What is CPR? 

Cardiopulmonary Resuscitation (CPR) is a lifesaving procedure wherein the chest is pumped with the correct pressure, depth, and timing to help a heart that has stopped beating or is weakened to pump oxygen-rich blood to the entire body including the brain causing the patient to have an extended supply of oxygen thus, increasing the chance of survival until the proper treatment is given. 

 

Who does CPR? 

General Public / Bystanders – someone that is close to the situation physically but not a part of an official response team dispatched from emergency services. 

Paramedics – a person trained to give emergency medical care to people who are seriously ill with the aim of stabilizing them before they are taken to hospital. 

 

Traditional vs. Simplified CPR

 

Traditional CPR

Is a repeated combination of compression, opening of the airway, and breathing which is done by; first, 30 chest compressions; followed by opening the patient’s airway using the head-tilt, chin-lift maneuver; then finally, giving 2 rescue breaths (a.k.a Mouth to Mouth Resuscitation).

Mouth-to-mouth resuscitation is done by pinching the nose shut and placing the rescuer’s mouth to the patient’s mouth and blowing air through it twice to make the patient’s chest rise. 

 

Hands-only CPR

Is a simplified method of CPR which is only done by giving pure chest compressions of 100-120 per minute.

 

 

How was hands-only CPR created?

Today, the American Heart Association does not push necessity for rescue breaths on bystander CPR because most collapse cases at home and public are due to cardiac arrest – heart stops beating – which can be treated alone by hands-only CPR because, during cardiac arrest, it is better to prioritize helping the heart to function/pump blood continuously rather than pausing to give 2 rescue breaths (total of 16 sec. for an average person). Moreover, hands-only CPR is easier, less complicated, and has no cross-contamination risk that encourages more bystanders to perform CPR thus, save more lives. 

 

For victims who suffered from lack of oxygen supply, such as near-drowning, drug overdose, or carbon monoxide poisoning, the rescue breath could be done to supply air to their bloodstream and is highly preferred to be administered by trained professionals.  

 

How to tell if a person needs CPR 

  • Unconscious/lifeless patient who is not breathing or has no pulse  
  • Electrocution accident victim 

Note: Make sure to kill the power source using things that are not electrical conductors (wood/plastic, etc.)  

 

How to Perform Hands-Only CPR 

  1. Immediately call the emergency services once a patient is spotted. 
  2. Clear the area and make sure it is safe to do CPR.

      DO NOT PROCEED IF: 

  • The patient was caught in an accident that might have caused injuries, do not touch or move the patient, let the professionals do this.  
  • The patient might have inhaled gas or chemicals that might be a hazard to you. 

3. Check for breathing or pulse in no more than 10 seconds. To check the breathing, put your ear close to the patient’s mouth or through putting the hand      near the chest to feel if the chest rises. For pulse, put your middle and index finger either on the neck of the patient near the ear or the wrist.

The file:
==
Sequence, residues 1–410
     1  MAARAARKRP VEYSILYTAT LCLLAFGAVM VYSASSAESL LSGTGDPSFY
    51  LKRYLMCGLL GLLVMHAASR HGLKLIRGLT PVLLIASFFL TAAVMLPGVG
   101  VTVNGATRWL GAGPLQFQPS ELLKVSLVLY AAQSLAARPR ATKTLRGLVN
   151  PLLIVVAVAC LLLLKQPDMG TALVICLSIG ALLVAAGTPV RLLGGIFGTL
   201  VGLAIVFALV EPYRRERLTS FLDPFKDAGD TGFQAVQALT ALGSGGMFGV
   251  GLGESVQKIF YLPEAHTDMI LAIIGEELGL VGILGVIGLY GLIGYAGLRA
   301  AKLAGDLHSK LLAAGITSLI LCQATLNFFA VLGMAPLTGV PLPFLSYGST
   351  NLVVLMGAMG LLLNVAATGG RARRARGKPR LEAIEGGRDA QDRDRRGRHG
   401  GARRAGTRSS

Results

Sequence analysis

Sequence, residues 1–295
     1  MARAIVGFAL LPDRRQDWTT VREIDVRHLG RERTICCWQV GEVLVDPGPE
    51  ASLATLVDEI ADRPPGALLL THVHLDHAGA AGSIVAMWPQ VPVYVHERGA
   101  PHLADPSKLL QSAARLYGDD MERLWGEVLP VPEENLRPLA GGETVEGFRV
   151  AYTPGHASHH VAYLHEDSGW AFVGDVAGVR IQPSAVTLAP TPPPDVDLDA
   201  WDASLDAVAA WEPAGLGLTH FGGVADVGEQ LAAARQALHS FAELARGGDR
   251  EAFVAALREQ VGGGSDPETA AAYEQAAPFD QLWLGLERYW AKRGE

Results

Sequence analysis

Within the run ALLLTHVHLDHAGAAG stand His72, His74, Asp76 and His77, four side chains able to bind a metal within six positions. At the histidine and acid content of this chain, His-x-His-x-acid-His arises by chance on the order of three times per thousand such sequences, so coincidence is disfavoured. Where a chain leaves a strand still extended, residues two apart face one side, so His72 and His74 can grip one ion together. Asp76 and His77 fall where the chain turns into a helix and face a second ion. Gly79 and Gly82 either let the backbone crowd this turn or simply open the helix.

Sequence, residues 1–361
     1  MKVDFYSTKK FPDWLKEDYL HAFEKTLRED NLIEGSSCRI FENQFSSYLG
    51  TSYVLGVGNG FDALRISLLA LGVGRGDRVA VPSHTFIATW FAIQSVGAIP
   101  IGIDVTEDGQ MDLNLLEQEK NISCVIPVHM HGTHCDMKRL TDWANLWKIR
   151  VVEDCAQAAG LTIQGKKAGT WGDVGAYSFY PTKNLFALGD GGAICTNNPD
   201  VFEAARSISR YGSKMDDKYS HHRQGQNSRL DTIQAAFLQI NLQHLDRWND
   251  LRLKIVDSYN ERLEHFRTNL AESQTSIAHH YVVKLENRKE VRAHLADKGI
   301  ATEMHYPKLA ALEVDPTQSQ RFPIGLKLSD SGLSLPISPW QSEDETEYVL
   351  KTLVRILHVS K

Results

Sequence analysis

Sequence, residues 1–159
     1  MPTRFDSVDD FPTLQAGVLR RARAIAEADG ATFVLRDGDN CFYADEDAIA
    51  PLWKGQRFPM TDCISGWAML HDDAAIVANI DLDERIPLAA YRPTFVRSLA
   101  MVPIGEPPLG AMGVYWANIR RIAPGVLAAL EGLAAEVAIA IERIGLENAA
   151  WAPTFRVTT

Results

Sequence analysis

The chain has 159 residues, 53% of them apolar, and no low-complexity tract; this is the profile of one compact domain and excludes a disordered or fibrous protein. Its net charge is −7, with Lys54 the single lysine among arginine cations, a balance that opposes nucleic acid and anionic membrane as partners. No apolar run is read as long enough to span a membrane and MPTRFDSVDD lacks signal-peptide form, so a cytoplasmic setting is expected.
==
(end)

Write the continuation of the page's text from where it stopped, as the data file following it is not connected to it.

Note: A patient occasionally gasping is NOT considered as breathing.  

 

4. If there’s no proper breathing or pulse, ask someone in the area who could help you look for an Automated External Defibrillator (AED)ask them to do so while you administer a CPR. 

 

 

See our AEDs and AED Trainers                        See our metal and glow-in-the-dark AED Signages

Automated External Defibrillator /AEDs are placed around public areas, such as buildings, parks, etc. to increase the survival rate of victims who suffered from cardiac arrest / with no heartbeat or with abnormal heart rhythm.  Signages are also placed near it to make sure bystanders can easily find them. 

 

5. If there is no one to help, proceed with hands-only CPR.

a. Kneel beside the patient’s upper chest.

b. Place the heel of one hand on the center of the chest at the nipple line then put your other hand on top with the fingers bent between the gaps of the hand below it. Keep your elbows straight leaving your shoulders directly over your hands 

c. Push hard, push fast: Perform a chest compression of 100-120 per minute. Press down at least 2 inches (5cm) for an average adult or child. Let the chest rise completely between every push. 

Remember that your hands need to stay in contact with the patient’s chest during compressions. Remember to avoid “leaning” on the victim.  

d. Check the patient’s breathing after 100-120 compression and repeat the cycle if there is no progress. If an AED was found, use immediately and follow the prompts.

 

Stop CPR once: 

  • AED was successfully administered (if an AED was provided) 
  • Ithere is a sign of life or if the patient started breathing 
  • When emergency help arrives. 

 

If a life is in danger, do not hesitate to perform CPR. Every minute counts for these people. Who knows, you might be someone’s hero today.   

 

 

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Source:  

https://www.redcross.org/take-a-class/cpr/performing-cpr/cpr-steps 

https://cpr.heart.org/en/resources/what-is-cpr 

https://www.nhlbi.nih.gov/health-topics/defibrillators 

https://www.verywellhealth.com/why-mouth-to-mouth-during-cpr-is-not-necessary-1298415 

http://www.nbcnews.com/id/23884566/ns/health-heart_health/t/no-mouth-to-mouth-required-new-cpr-rules/#.XnMs16gzaUk 

https://www.sca-aware.org/sca-news/aha-releases-latest-statistics-on-sudden-cardiac-arrest 

AED Wall Signage Photo Credit: www.cpr-savers.com